* CSI300 +0.4 pct; SSEC -0.5 pct; HSI +0.6 pct
* ChiNext slumps on supply fears; impact limited by bank strength
* Hong Kong rises as oil, resources prices recover
SHANGHAI, March 4 (Reuters) - China stocks had mixed performance on Friday morning, as small-caps tumbled on supply fears but banking shares jumped, fuelling speculation that government-backed investors helped stabilize the market ahead of a key meeting by China’s parliament.
Hong Kong stocks were firm, aided by energy and resource shares, as global as markets strengthened on the back of continued recovery in oil and commodity prices.
The blue-chip CSI300 index rose 0.4 percent, to 3,070.85 points by lunch break, while the Shanghai Composite Index lost 0.5 percent, to 2,845.87 points.
But the Shenzhen market, home to China’s smaller listed companies, tanked 2.6 percent, reflecting a broader sell-off in small-caps.
The Hong Kong market tracked gains in regional markets. The Hang Seng index added 0.6 percent, to 20,063.53 points, while the Hong Kong China Enterprises Index climbed 1.4 percent, to 8,506.39.
Investors will closely monitor policy cues from the annual meeting of China’s National People’s Congress (NPC), which starts on Saturday and will last around 12 days.
Expectations of fresh government stimulus are high as a raft of China data in coming weeks is expected to point to a further loss of momentum in the economy.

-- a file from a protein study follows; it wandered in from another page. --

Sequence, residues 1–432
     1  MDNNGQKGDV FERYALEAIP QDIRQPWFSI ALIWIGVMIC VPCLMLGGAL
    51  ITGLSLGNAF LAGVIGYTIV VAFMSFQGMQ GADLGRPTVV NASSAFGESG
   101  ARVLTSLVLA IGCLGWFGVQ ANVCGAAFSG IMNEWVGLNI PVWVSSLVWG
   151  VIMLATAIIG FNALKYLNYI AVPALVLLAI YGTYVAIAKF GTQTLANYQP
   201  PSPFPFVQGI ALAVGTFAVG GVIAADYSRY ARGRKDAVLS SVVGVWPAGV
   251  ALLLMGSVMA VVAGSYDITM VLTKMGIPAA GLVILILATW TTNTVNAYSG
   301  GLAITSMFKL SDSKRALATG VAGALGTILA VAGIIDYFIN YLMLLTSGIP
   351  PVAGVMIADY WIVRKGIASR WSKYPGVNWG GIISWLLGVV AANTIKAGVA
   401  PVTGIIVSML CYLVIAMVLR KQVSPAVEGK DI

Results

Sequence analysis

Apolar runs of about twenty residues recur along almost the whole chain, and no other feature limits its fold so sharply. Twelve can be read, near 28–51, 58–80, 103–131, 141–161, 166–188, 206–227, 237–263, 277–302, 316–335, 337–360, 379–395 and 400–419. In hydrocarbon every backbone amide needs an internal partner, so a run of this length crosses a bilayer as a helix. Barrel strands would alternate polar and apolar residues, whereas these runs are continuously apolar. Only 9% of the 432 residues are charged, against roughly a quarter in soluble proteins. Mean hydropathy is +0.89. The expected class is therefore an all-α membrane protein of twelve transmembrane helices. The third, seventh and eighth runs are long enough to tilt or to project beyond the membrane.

“We expect fiscal stimulus to be more aggressive on pro-growth sectors,” Alicia Garcia Herrero, economist at French bank Natixis, said in a report.
On Friday, Shenzhen’s start-up board ChiNext collapsed 4.6 percent after a senior Shanghai Stock Exchange official told media in Beijing that preparation for the roll-out of an emerging industry board, the Shanghai counterpart of ChiNext, is proceeding smoothly.
A rival in Shanghai has raised fears of a potential surge in the supply of small-caps in the market, knocking ChiNext shares. But any impact on benchmark indexes was limited by a 2.6 percent jump in the banking sector.
In Hong Kong, energy and resources shares led the benchmark index higher.
Investors shrugged off news that Hong Kong retail sales, which suffered their worst decline in 13 years last year, saw weak sentiment extending into January on slumping tourist arrivals, tepid local consumption and a strong local currency.
($1 = 6.5155 Chinese yuan)
Reporting by Samuel Shen and Nathaniel Taplin; Editing by Richard Borsuk